Reversible Arithmetic as a Pedagogical Tool
Appeared in Volume 7/3, August 1994
Peter B. Reintjes
I watched with some amusement as reversible arithmetic was discussed in the comp.lang.prolog newsgroup. I found it somewhat interesting, and got something out of the discussion, but I must comment on the suggestion that this would make a very good programming assignment (i.e. because it was non-trivial and becomes more difficult as you examine it more closely).
I think that this kind of student assignment is a big reason why nearly everyone exposed to Prolog concludes that it is an academic toy. I mean, really now, successor arithmetic? Instead, I suggest teaching Prolog (and have done so) with small interactive graphical programs, filters in the style of Software Tools, or question-answering systems with facts of a practical nature, such as computer configurations or medicine interactions. Examples like these leave students with the strong impression that Prolog can get you to a practical, finished, tool faster than most other languages. That is the message we want to communicate.
In fact, the zebra problem is about the only puzzle that I like because it contains such a varied and unlikely collection of information. It strongly suggests how to create an application which must deal with a very complex set of relationships. Even so, one must make sure that the duller students make the connection between the Zebra problem and airline or classroom schedulers (come to think of it, maybe a classroom scheduler is too "academic" :-). N-queens on the other hand strikes me as hopelessly game-specific. In fact, it doesn't even have that much to do with chess! The sad fact is that poorly chosen examples can send the wrong message about Prolog.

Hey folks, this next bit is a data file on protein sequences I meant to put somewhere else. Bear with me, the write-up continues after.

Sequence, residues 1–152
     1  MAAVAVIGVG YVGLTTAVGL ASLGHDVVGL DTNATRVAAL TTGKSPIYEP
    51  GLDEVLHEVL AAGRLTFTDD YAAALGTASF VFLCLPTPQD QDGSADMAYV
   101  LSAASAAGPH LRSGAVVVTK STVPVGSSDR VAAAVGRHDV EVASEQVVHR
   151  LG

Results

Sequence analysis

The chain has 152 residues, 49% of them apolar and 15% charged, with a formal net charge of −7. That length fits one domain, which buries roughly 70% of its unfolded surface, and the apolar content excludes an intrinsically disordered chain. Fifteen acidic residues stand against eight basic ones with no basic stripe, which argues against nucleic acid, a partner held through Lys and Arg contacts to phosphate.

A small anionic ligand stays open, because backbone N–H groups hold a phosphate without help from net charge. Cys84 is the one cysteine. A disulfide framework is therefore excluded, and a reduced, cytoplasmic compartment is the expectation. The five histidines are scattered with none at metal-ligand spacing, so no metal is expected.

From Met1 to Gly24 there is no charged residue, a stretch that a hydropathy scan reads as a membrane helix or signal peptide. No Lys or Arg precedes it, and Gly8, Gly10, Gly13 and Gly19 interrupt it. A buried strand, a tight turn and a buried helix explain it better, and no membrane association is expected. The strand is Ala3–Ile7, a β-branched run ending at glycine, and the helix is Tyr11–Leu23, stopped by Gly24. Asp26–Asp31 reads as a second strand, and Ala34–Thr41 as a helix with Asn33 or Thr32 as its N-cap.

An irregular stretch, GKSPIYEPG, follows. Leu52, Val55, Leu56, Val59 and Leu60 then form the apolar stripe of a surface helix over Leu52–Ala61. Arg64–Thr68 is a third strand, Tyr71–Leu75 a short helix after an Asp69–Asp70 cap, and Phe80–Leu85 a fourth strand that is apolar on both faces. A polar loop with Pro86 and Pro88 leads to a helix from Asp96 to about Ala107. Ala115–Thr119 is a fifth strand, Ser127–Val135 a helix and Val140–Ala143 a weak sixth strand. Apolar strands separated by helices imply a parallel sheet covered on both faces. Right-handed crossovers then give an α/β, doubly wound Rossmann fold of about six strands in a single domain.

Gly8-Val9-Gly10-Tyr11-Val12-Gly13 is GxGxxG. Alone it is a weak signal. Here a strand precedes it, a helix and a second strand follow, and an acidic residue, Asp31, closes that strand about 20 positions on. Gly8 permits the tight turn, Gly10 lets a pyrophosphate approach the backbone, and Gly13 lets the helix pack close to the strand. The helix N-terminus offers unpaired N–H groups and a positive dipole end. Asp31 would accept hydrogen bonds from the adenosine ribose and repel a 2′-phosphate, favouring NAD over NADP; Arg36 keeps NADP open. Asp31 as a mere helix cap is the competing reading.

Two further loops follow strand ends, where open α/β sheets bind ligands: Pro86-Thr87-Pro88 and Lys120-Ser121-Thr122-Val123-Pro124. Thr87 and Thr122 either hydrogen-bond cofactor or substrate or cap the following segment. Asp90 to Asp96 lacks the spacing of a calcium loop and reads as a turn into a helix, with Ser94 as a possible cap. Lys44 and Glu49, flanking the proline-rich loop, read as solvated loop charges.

Even talking about permutation sort does a major disservice to the cause of education. Quicksort is a perfectly acceptable way to present naive sorting. Showing programming students the permutation sort is the same as earnestly lecturing in a literature class on the monkeys who eventually write the books in the British Museum.
It is also very difficult to explain the declarative meaning of permutation sort. Intuitively, it doesn't seem declarative because the algorithm will only work in Prolog if you first permute and then test the order. Norbert Fuchs showed me that it does have a declarative model, in the form of a Herbrand model, but the level of sophistication needed to appreciate this is beyond most programmers.
I do agree that naive reverse is worth mentioning, but only as an example of bad Prolog programming. It is very likely that a beginning programmer would spontaneously write something like nrev/2.
I'm not saying that the discussion of reversible arithmetic wasn't interesting or worthwhile for comp.lang.prolog, just that Computer Science students are surrounded by editors, compilers, and operating systems written in C and if there only contact with Prolog is the N-queens and successor arithmetic, who can blame them for dismissing it as an academic novelty.
Peter B. Reintjes IBM, T.J. Watson Research Center P.O.Box 704, Yorktown Heights, NY 10598, USA Email: email@example.com